Monday, June 3, 2013

It's Not About the Mileage... It's About the Vertical

With my current unemployment, I've used my "free" time to look for jobs and run mountains. Most importantly, I've found some extra time to spend with my son and wife. I'm taking my son to school every morning and picking him early. By me cleaning up the house and mowing the lawn during the week, my wife and I can now mostly relax on the weekends and not have to worry about vacuuming, dusting, etc. While I'd rather have a job, certainly I'm trying to make the most of this period in my life.

But, to be honest, not having a place to go in the mornings (Monday-Friday) has taken a toll on my sense of self-worth even as I keep telling myself this is temporary and not a reflection on the quality person and communications expert I am. It's a hard world for the unemployed and it's incredibly sad to me that, every day, people (or, in my case, my position) get discarded for sometimes no good reason. Be that as it may, I am a person who wants and needs to work and contribute for my family's benefit. If anything, this whole experience has made me an even more compassionate, caring person who strives to see the unique abilities and gifts of everyone. We are all part of the human family, and when I am finally back to work I'll lead with my heart and soul because the world needs more of that.


For the first time really ever, I'm now tracking my vertical gain and am placing a greater emphasis on climbing than mileage. That's a huge change in my thought process. I've always been a mileage guy, but I've come to believe that the difference between the haves and the have-nots at races like the Leadville 100 is who spent the most time in the mountains running trails. Right now, my average week is 80-83 miles, 13 hours and 12,000 feet of climbing. Until I'm back to work, I'll be putting in 12,000-18,000 feet of vertical, and how ever many miles and hours that may entail, every week--probably up to 14-17 hours and 85-100+ miles. I may get crazy and make a run at 25,000+ feet in a single week. That's a lot of vertical, unless you're this guy. If things continue, I think it is entirely possible that when I line up for the Leadville 100 I'll be in the best shape of my life.

From the trail at Roxborough State Park.
The good news is that I'm seeing big improvement in my ability to run up mountain trails. Mostly, I'm noticing that I'm far more aerobically efficient on climbs than ever before. Even as I may be breathing hard on a climb, I'm finding that I'm not running out of oxygen. On Sunday, for example, I covered a little more than 17 miles at Mt. Falcon, gaining 3,600 feet along the way, and I ran every step of the way except for a 20-foot section of the steep, rocky Two Dog Trail. It was much the same earlier in the week when I ran at Roxborough State Park and up and back down 9,700-foot Bergen Peak.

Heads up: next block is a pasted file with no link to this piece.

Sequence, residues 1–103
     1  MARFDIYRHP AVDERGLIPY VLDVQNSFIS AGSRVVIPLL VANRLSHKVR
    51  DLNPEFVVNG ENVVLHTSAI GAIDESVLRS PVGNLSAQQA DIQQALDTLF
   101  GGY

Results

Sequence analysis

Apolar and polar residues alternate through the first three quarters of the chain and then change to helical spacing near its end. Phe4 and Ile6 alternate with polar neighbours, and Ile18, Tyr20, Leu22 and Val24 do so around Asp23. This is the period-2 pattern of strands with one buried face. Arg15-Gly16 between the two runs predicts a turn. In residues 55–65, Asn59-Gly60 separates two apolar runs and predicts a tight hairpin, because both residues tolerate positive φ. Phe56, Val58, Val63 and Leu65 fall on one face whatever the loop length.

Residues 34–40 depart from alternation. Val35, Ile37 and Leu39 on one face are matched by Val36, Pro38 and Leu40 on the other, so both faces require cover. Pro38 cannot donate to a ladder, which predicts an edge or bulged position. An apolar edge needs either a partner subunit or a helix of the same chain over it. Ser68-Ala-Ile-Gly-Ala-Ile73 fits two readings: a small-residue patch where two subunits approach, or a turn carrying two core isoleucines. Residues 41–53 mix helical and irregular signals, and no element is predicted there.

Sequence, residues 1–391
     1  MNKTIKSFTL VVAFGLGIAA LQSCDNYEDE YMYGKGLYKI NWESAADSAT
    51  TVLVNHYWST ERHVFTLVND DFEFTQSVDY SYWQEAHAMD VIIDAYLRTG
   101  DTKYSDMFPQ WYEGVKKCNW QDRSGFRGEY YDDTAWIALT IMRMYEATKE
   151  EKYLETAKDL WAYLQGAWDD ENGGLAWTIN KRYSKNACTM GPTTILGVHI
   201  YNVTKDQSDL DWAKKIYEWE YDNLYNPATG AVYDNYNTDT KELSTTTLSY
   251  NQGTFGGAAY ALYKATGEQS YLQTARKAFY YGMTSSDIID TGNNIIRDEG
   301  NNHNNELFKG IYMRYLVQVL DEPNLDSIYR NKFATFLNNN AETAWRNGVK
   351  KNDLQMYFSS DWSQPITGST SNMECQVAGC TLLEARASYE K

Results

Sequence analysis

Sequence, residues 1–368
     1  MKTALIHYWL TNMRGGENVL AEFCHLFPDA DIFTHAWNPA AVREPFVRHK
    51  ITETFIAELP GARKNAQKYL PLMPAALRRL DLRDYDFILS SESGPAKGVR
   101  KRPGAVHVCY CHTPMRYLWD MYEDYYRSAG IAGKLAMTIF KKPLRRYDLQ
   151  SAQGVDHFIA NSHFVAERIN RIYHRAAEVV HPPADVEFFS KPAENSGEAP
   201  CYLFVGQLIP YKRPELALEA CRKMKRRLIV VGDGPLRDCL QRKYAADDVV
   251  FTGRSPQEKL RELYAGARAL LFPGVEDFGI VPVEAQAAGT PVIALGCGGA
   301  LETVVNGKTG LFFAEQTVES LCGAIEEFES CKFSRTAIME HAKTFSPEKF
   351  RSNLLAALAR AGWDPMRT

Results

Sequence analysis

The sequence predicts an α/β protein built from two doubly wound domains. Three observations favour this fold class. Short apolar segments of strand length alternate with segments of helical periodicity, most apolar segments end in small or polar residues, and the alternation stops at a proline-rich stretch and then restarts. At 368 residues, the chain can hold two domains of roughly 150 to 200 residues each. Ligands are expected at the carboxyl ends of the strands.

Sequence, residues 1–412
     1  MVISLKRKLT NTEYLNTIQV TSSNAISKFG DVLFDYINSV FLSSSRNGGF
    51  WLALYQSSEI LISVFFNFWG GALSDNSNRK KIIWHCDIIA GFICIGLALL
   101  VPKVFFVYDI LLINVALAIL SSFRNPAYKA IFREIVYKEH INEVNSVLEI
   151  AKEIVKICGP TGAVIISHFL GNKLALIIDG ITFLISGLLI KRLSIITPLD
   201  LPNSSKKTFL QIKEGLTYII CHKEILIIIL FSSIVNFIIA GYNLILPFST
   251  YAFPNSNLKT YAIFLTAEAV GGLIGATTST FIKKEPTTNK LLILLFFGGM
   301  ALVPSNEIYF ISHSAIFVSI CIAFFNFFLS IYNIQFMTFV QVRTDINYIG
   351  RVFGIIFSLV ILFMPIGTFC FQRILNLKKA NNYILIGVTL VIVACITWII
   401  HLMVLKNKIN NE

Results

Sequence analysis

I'm also noticing some significant mental gains from increased mountain running. Mental focus and maturity are huge components of running up mountain trails. I find that, when I'm fatiguing, I shorten my stride and speed up my cadence even more, all while focusing on the moment. These are "tricks" I've only recently learned and continue to refine.

View from the summit of Bergen Peak, elev. 9,700 feet, last week.
At this point, I have to say I think the MAF work I did earlier this year has paid off big time. My aerobic efficiency is super good and my weight is down to about 163. However, my speed has really taken a hit. That brings me to my next point....

With Leadville being 10 weeks away and a super solid aerobic base in place, now's the time to start incorporating some tempo runs. Tomorrow I'm going on my first tempo run since my Phoenix Marathon training, and it'll be about 4-5 miles in length, not including my warm-up and cool-down. Every week I'll add some distance to my tempos. My target heart rate will be around 155-160. The tempo runs will really help me improve my speed and strength.

My next race is the Leadville Trail Marathon on June 29. At this point, I think it's fair to say I'm getting in good shape, and so the LT Marathon could go well for me. However, I really need to start getting as high as possible. Between now and the marathon later this month, I have a few big runs on my mind, like DECALIBRON (if the 14'ers ever clear), the Leadville 100 course, Grays and Torreys, and Pikes Peaks.


  1. Decalibron is fun, but it is not that big of a run. 7 miles in the one loop, and really not a lot of vertical (as you start at 12k). But, definitely time up high is all above 12k with most above 13.

  2. Hi George: I was thinking about two loops on Decalibron. Anyway, the allure of it is the ability to bag a bunch of 14'ers while staying high up the whole time. I need as much time as possible above 10K and preferably above 12K.


  3. Drop me a line if'n you make it up to Elk Meadow/Bergen Peak again. That's my home mountain. And, I totally agree that there's a big bonus to be gained by training on trails and grades more closely approximating what one will see in races. Mileage ain't everything, for sure!

  4. I ran the Bryce 100 this weekend and ended up dropping to 100k. Without a doubt, I wish my training had focused more on vertical than distance. Good call on your end.

  5. Hi Jim: I will absolutely let you know when I'm at Elk Meadow again.


  6. I'm thinking your calorie intake might need to rise in direct proportion to your increase in vertical gain.